United States District Court, D. Connecticut
CHARMANE D. THURMAND, Plaintiff,
UNIVERSITY OF CONNECTICUT, ET AL, Defendants.
RULING ON ETHICS DEFENDANTS' MOTION TO DISMISS
(DOC. NO. 15)
C. Hall United States District Judge
Charmane D. Thurmand (“Thurmand”), brings this
claim alleging violations of Title VII of the Civil Rights
Act, the First and Fourteenth Amendments to the United States
Constitution, the Connecticut Fair Employment Practices Act
(“CFEPA”), and state claims of defamation, false
light, slander of credit, and negligent and intentional
infliction of emotional distress. See Complaint
(Compl.) ¶ 1.
names as defendants the University of Connecticut; Susan B.
Herbst, the President of UConn; Mun Y. Choi, the Provost of
UConn; Kent Holsinger, the Dean of the UConn Graduate School;
Scott Jordan, the UConn Chief Financial Officer; Stephanie
Reitz, the UConn Spokeswoman; Bruce Gelston, an investigator
at UConn's Officer of Audit, Compliance, and Ethics; and
Kimberly Hill, the UConn Associate Director for Community
Standards (collectively “UConn Defendants”). Also
named as defendants are Carol Carson (“Carson”).
the Executive Director of the State of Connecticut Office of
State Ethics; Thomas Jones (“Jones”), the Ethics
Enforcement Officer at the Connecticut Office of State
Ethics; and Mark Wasielewski (“Wasielewski”), the
Deputy Enforcement Officer of the State of Connecticut Office
of State Ethics
“Ethics Defendants”). Before the court is the
Ethics Defendants' Motion to Dismiss (“Mot. to
Dismiss”) (Doc No. 15).
reasons set forth below, the Motion to Dismiss is granted.
STANDARD OF REVIEW
withstand a motion to dismiss filed pursuant to Federal Rule
of Civil Procedure 12(b)(6), “a complaint must contain
sufficient factual matter, accepted as true, to ‘state
a claim to relief that is plausible on its face.'”
Ashcroft v. Iqbal, 556 U.S. 662, 678 (2009) (quoting
Bell Atlantic Corp. v. Twombly, 550 U.S. 544, 570
(2007)). “A claim has facial plausibility when the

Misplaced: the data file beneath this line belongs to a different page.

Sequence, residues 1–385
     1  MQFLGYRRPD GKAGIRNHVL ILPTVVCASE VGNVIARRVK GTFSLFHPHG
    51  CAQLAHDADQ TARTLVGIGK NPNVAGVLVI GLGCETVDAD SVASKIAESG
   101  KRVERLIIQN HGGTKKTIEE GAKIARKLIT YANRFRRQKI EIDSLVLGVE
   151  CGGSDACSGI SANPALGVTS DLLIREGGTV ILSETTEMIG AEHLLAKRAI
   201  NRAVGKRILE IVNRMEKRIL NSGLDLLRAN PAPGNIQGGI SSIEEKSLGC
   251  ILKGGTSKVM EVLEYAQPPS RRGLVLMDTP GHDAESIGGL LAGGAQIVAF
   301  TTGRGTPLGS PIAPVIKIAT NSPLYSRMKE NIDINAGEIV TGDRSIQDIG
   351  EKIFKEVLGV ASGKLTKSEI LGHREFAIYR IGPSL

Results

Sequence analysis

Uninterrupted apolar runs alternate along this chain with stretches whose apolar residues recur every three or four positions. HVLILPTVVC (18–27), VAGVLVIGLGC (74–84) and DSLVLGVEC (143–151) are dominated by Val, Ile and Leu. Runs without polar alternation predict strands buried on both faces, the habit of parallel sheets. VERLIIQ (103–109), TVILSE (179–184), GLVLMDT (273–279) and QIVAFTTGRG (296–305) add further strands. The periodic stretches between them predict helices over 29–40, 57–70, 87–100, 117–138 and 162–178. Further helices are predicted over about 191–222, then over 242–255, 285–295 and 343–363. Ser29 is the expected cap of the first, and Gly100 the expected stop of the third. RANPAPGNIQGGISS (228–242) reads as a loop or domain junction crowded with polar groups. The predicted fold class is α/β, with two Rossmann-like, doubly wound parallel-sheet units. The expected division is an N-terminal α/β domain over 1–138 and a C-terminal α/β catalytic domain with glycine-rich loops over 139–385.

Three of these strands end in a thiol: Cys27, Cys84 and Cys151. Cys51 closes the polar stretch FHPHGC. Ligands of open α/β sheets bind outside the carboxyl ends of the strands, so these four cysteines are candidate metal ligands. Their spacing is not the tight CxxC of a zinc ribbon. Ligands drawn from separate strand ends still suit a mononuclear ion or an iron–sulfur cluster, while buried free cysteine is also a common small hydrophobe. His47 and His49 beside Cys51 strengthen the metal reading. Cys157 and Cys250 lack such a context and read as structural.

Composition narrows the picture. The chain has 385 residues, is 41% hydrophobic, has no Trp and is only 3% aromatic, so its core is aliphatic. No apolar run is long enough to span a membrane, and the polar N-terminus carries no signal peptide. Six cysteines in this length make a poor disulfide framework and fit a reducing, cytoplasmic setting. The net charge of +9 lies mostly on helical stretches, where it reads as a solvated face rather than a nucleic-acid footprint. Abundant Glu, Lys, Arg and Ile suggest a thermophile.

plaintiff pleads factual content that allows the court to
draw the reasonable inference that the defendant is liable
for the misconduct alleged.” Id. The
plausibility standard is not a probability requirement; the
pleading must show, not merely allege, that the pleader is
entitled to relief. Id. Legal conclusions and
“[t]hreadbare recitals of the elements of a cause of
action, supported by mere conclusory statements, ” are
not entitled to a presumption of truth. Id. However,
when reviewing a motion to dismiss, the court must accept the
factual allegations in the operative complaint as true and
draw all reasonable inferences in the non-movant's favor.
See Graziano v. Pataki, 689 F.3d 110, 114 (2d Cir.
considering a motion to dismiss for failure to state a claim
under Fed.R.Civ.P. 12(b)(6), a district court must limit
itself to facts stated in the complaint or in documents
attached to the complaint as exhibits or incorporated in the
complaint by reference. “Of course, it may also
consider matters of which judicial notice may be taken under
Fed.R.Evid. 201.” Kramer v. Time Warner Inc.,
937 F.2d 767, 773 (2d Cir. 1991). Such matters include facts
that “can be accurately and readily determined from
sources whose accuracy cannot reasonably be
questioned.” Fed.R.Evid. 201.
was employed by UConn, as the UConn Graduate School's
Diversity Officer, from October 1, 2012 to February 24, 2017.
Compl. ¶ 17. She was also a Ph.D. candidate at the UConn
Graduate School until her expulsion on May 19, 2017.
Id. ¶ 19. Thurman assisted the Graduate
School's Diversity Committee, which is responsible for
awarding various fellowships, scholarships and grants.
Id. ¶ 26.
was accused of violating her employment code by, inter
alia, deceiving Holsinger, the Dean of the UConn
Graduate School, and illegitimately obtaining a fellowship
for her husband. Id. ¶ 29. Thurmand alleges
that the UConn Defendants conducted a “biased, racially
[motivated, ] and retaliatory investigation of the charges,
” and falsely found that the accusations of theft were
well-founded. See Id. The UConn Defendants conducted
a similarly biased student conduct investigation, with the
same conclusion. Id. ¶ 30. The UConn Defendants
reported a false debt to collection and credit agencies.
Id. ¶ 34. Thurmand faced a hostile work
environment, and was subjected to a criminal investigation,
suspended from her employment, denied admission to academic
events, expelled from the Graduate School, and lost her
employment at Smith College. Id. ¶ 35.
UConn Defendants made numerous statements to media outlets
regarding the investigations. In those statements, the UConn
Defendants identified Thurmand by name, and repeated the
allegations of impropriety against her. Id. ¶
40. Thurmand alleges that these statements were false and
malicious, id. ¶ 41, and that non-minority
employees who were similarly situated were treated
differently, id. ¶ 42.
March 2017, the Ethics Defendants initiated a state ethics
complaint (“Ethics Complaint”) against Thurmand,
which Thurmand alleges was discriminatory and retaliatory,
and done for the purpose of harassment. Id.
¶¶ 45-48. The Complaint alleges that the Ethics
Defendants abused their authority by issuing illegitimate and
defamatory subpoenas and disclosing that Thurmand was the
subject of the Ethics Complaint. Id. ¶ 49. As a
result, Thurmand lost her employment at Smith College.
Id. ¶ 50, and suffered economic harm,
humiliation and other emotional harms, loss of sleep, and
continued professional harm. Id. ¶ 55.